UK universities could lose talented EU staff unless they receive “greater clarity” from the government on the post-Brexit rights of EU nationals, according to the Russell Group.
The group of top research universities says Brexit is causing EU staff “uncertainty and anxiety” and making the recruitment of others harder.
The group has outlined 10 points it says the government must answer.
Ministers say they want “a reciprocal agreement as quickly as possible”.
The Russell Group is composed of 24 universities, including Oxford, Cambridge, Glasgow and Cardiff, which are often oversubscribed at undergraduate level and heavily focused on research.
In a briefing note, the group calls the contribution of EU nationals to research and teaching at its institutions “crucial”.
“More broadly, EU staff and students add to the diversity of our campuses and enrich the learning experience for all,” it said. “We need to do everything we can to ensure these individuals feel valued and supported to stay in the UK.”
Prime Minister Theresa May has outlined plans requiring EU nationals resident in the UK to apply for “settled status”, which would effectively guarantee them indefinite leave to remain in the country once Britain leaves the bloc.
The proposed status would be given to any EU citizen who has been living in the UK continuously for five years.
Those who have been resident for less than five years would be allowed to stay and apply for settled status when they have accumulated the necessary time.
Among the 10 points in the briefing paper is a call for EU nationals who already have permanent residence to be “transferred automatically” to settled status.
It argues that: “There is no need to reassess these individuals’ right to be in the UK.”
Other points include:
- EU students and academics who spend two years or more abroad not to lose their settled status
- Students starting courses this year and next to be assured they can stay and work in the UK after finishing their courses and be eligible for settled status after clocking up residence of five years
- An efficient system for processing applications which places minimum burden on applicants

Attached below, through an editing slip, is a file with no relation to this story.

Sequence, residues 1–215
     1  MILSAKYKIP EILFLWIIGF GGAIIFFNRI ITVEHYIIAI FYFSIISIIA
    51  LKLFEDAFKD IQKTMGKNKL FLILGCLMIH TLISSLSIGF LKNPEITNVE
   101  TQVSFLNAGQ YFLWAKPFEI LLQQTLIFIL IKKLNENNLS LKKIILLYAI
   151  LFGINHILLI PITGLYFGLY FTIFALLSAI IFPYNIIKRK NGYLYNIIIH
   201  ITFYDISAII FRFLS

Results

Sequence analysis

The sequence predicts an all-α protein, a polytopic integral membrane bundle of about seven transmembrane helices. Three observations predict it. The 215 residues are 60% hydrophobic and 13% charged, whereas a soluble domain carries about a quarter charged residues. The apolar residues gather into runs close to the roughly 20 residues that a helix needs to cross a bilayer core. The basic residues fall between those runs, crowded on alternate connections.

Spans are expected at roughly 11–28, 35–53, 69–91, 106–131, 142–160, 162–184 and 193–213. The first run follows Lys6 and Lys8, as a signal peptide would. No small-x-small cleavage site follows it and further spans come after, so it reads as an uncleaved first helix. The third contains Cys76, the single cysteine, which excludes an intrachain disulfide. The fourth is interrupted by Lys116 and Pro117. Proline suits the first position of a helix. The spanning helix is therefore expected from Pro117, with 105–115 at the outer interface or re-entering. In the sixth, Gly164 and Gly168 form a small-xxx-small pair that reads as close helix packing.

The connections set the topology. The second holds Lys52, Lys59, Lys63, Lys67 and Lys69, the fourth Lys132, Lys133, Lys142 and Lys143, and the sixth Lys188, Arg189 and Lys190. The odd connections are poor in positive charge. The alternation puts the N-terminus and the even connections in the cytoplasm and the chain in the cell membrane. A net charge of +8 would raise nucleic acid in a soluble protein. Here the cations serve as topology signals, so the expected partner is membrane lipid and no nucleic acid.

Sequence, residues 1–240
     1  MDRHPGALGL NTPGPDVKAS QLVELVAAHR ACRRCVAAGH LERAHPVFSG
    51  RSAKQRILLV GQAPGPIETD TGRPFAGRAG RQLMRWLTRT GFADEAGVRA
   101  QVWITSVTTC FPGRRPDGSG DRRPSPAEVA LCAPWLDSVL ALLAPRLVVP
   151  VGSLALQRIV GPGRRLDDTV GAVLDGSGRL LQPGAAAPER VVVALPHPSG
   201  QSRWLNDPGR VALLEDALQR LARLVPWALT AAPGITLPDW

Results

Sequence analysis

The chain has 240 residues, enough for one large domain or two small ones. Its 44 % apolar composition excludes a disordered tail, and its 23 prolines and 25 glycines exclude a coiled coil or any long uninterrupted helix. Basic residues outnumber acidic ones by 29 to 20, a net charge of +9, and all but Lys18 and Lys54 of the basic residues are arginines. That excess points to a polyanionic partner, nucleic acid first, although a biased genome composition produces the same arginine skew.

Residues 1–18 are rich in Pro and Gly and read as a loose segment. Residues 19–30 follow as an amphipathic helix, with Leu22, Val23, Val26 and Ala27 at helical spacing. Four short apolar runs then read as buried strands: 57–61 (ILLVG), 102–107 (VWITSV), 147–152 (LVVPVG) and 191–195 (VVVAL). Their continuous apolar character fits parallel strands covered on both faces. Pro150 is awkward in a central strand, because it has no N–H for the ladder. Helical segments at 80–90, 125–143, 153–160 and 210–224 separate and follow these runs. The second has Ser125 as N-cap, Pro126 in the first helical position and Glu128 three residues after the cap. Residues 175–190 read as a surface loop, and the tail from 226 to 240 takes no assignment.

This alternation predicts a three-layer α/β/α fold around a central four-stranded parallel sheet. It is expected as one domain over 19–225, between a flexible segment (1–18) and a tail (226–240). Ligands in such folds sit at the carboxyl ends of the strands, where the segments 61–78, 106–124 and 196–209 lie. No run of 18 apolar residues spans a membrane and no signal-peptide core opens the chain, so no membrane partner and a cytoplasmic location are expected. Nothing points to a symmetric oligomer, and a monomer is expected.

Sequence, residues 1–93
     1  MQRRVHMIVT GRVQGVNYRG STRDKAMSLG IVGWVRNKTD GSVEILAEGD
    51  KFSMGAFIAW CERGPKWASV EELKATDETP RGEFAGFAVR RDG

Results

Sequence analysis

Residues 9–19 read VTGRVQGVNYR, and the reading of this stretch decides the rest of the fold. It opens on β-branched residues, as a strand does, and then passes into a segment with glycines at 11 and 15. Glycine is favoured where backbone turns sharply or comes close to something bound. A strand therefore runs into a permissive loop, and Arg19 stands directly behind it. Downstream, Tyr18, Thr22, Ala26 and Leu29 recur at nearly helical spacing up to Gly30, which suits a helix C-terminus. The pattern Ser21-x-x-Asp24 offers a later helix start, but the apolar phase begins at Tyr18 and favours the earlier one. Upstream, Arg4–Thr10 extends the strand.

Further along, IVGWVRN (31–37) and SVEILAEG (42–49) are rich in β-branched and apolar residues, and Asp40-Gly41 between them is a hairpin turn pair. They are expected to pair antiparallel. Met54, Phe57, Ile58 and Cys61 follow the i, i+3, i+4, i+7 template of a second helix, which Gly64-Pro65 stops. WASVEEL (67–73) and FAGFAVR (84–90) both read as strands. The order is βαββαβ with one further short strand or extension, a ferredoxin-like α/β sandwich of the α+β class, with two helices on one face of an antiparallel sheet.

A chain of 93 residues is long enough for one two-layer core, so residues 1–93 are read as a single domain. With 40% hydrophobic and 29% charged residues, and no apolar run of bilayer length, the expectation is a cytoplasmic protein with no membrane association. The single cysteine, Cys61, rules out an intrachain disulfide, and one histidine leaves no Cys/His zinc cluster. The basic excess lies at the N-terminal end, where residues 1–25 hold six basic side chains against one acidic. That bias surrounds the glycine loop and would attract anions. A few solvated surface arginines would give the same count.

- Clarity on the rights of families to stay together in the UK
- Cross-border recognition of EU and UK qualifications post-Brexit
The UK wants the issue to be resolved swiftly, although the EU described Mrs May’s offer as a “damp squib” and warned it would give EU citizens fewer rights than their British counterparts.
Russell Group head of policy Jessica Cole said: “Brexit is causing uncertainty and anxiety for EU staff, who need clarity over their future rights as soon as possible.
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“There are around 25,000 members of staff from other EU countries at Russell Group universities delivering high-quality teaching and cutting-edge research. We value our EU colleagues and want them to stay.
“EU staff, students and universities need to be able to plan for the future with confidence.
“We urge the Government to secure an agreement with the EU on citizens’ rights at the earliest possibility.”
A government spokeswoman said: “We have been clear about our commitment to the UK’s world-class higher education sector.
“The government wants to reach a reciprocal agreement for EU citizens in Britain and UK nationals in Europe as quickly as possible. We are developing a new application process and will ensure that it is as light-touch, streamlined and user-friendly as possible.
“We recognise that there are a wide range of individual circumstances to consider and we will continue to engage with the sector as this work develops.”